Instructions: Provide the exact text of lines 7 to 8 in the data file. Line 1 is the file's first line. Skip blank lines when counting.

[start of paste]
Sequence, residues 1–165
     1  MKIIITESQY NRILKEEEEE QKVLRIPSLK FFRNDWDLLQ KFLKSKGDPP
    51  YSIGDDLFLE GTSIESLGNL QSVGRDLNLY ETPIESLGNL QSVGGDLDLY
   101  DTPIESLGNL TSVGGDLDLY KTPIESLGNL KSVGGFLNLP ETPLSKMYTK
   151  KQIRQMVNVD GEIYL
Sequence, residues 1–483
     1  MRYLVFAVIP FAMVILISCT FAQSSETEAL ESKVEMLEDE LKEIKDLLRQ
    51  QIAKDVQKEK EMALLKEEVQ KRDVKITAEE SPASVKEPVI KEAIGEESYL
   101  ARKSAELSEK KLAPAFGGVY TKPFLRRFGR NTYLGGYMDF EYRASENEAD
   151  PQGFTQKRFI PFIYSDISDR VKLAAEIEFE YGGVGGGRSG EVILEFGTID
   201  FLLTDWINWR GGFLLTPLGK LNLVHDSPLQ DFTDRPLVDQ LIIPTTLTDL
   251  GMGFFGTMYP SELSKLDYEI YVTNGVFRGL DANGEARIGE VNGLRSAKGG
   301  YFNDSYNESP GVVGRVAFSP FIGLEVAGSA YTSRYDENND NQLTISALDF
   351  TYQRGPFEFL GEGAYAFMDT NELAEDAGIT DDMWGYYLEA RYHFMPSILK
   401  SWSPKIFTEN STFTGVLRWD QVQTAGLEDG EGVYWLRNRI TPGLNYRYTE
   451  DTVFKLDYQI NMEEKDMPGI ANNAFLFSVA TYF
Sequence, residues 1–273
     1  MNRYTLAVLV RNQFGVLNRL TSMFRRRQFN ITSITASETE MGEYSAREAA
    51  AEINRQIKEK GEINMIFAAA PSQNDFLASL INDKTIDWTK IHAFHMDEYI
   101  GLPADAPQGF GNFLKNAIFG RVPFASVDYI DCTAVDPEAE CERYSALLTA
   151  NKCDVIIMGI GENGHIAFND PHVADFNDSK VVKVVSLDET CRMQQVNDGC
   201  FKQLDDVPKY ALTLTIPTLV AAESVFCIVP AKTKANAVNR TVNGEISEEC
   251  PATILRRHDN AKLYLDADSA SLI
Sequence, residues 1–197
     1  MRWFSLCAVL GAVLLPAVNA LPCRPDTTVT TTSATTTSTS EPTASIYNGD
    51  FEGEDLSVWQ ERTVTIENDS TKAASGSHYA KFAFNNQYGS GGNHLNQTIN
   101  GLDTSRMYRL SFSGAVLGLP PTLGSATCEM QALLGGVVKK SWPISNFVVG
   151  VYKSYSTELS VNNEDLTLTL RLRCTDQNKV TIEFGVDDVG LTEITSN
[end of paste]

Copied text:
     1  MRYLVFAVIP FAMVILISCT FAQSSETEAL ESKVEMLEDE LKEIKDLLRQ
    51  QIAKDVQKEK EMALLKEEVQ KRDVKITAEE SPASVKEPVI KEAIGEESYL